The much-vaunted Soul system kicks in about halfway through the newbie area when you've acquired 2 of your basic 3 and you have to start making decisions about where to spend the soul points you get at level up. Souls are just a fancy way of presenting a skill tree system. They even use the tree analogy to explain Root powers and Branch powers. You make choices about where you spend points in your branches, and the root powers are awarded when you reach a certain number of spent points, regardless of branch. The nifty thing here is that once you hit level 13 or so and can quest for the rest of your classes' souls, you can create any combo of any 3 souls to form a Role, and you can buy more Role slots to swap to in a matter of second, thus enabling an entirely new build on the same character without having to level up an alt.

All of this is further sped up by the ability to write in-game macros to do things like swap equipment instantly, or to fire off whichever ability meets the 'able to fire off' criteria from a selection of abilities your current soul configuration has unlocked. I was slow on the macro uptake, having an innate dislike to anything worded 'macro' in an MMO given how 3rd party macro tools are omnipresent and used ot abuse game mechanics in pretty much every other game. Rift is fairly restrictive on what you can do and ultimately what Rift macros do is reduce the variety of buttons you have to press, rather than reduce the number of actions you have to take, at the cost of not being able to finely hone your twitch responses. Macros can lose you a fight vs a skilled PvPer because you didn't make a manual decision to use ability b over ability a and a was the one that came up first in the macro's list when you pressed the button.

Once I got the hang of Souls I decided that actually, for all it's ripped-off WoW mechanics which I dislike (not being able to select to autoface a fighting target is a pet hate of mine, also excessively harsh falling damage particularly where terrain mapping and terrain textures don't match up), I liked the character system in this game after all. Particularly given the diversity amongst souls which meant you can have 5 Rogues in a group and all of them are wildly different: for example a team buffer/healer support Bard type, an assassin type that pops out from the shadows for a huge alphastrike, a ranger type flurrying arrows as it's direwolf pet mauls the enemy, a saboteur type rigging up traps and explosives etc, all while blending a bit of other flavours in to patch up weaknesses left by the fact that souls are all fairly specialised.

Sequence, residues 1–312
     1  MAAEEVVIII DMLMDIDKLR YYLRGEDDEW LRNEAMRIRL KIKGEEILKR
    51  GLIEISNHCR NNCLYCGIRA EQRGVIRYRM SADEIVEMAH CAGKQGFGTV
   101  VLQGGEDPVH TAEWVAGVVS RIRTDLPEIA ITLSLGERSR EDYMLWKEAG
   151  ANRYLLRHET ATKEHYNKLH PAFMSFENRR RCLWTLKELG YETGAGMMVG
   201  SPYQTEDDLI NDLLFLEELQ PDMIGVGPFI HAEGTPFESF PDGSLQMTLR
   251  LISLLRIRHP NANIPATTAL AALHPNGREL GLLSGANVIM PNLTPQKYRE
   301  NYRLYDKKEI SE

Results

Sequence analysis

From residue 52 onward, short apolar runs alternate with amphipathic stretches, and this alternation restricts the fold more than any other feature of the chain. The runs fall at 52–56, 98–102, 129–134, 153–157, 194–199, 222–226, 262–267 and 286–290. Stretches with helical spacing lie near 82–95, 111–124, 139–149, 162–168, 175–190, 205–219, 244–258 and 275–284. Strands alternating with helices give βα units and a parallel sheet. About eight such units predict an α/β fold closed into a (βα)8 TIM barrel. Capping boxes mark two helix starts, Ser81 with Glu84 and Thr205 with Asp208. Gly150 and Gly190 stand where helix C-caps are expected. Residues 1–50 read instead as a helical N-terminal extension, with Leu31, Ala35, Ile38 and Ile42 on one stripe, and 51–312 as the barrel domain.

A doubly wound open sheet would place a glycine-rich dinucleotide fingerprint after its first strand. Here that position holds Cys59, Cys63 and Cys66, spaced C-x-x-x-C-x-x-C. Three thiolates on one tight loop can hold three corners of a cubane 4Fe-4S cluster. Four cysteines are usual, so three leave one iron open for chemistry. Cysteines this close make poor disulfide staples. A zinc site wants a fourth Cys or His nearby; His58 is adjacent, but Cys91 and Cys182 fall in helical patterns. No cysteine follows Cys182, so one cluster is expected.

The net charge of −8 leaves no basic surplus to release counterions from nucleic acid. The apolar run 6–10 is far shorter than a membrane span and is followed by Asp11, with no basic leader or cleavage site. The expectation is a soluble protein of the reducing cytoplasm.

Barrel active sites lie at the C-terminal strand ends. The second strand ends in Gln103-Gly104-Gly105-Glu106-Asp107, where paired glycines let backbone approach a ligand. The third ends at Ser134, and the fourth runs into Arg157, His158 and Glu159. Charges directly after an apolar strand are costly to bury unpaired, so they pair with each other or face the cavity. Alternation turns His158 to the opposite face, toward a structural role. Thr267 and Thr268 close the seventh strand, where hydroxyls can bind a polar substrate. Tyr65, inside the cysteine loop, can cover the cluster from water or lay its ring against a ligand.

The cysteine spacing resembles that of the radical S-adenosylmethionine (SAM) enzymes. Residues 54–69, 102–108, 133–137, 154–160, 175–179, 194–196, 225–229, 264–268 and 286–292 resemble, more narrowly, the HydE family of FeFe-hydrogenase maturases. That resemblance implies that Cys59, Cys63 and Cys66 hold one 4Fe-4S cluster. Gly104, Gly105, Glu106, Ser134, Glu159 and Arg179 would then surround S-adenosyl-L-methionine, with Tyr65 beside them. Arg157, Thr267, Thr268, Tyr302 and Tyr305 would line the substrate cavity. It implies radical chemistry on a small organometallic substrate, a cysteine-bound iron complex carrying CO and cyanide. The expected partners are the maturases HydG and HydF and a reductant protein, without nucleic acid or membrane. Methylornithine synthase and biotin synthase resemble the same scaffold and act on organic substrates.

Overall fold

Player-made item building in Rift is actually very much worth it to pursue, and each character can learn 3 tradeskill abilities. There are 3 gathering and 6 crafting skills. The items that players can make are better than the vast majority of the items players can loot, particularly at the level an item becomes equippable at (items are level locked as in most MMOs). People go two ways in terms of tradeskill choices: grab all 3 Gathering skills and then either use alts or guildmates for the crafting skills, or else pick 2 crafting skills most relevant for their calling and then the gathering skill that provides the majority of the base resources required. As an example, a Warrior will most likely be using swords/axes/spears and plate armour which are all metals-based: this means Mining as a gathering skill and then Armoursmithing and Weaponsmithing as craftting skills. Of course you'll need bits of things from the other gathering professions but that's a minority and what you get out of building your own is well worth the extra investment of time or money to acquire the missing parts. Given the Role/Soul system means there is rarely a need to make more than one of any class, 3-4 characters is the most you'd get much use out of and that will cover all 9 craft skills with a nice overlap for Gathering too.

Questing makes up the majority of progression through the game in terms of XP, money, exploration and to a lesser extent gear. There's a lot of quests. I mean a veritable buttload, not including dailies even. It's both a strength and a weakness in my experience: fun the first time around but with alts it gets to be very repetetive and 'oh god here we go again'. At least the quests don't nag you in terms of time constraints, leaving you free to go off and spend a few days hitting random rifts, crafting stuff, going overe here, poking something over there, chasing achivements (did I forget to mention the fact the game as achivements? Well it's not that original nowadays but some of them are plenty fun) and generally exploring and doign your own thing. This, to me, is a huge plus point because I hate feeling forced into a narrow and pressured path.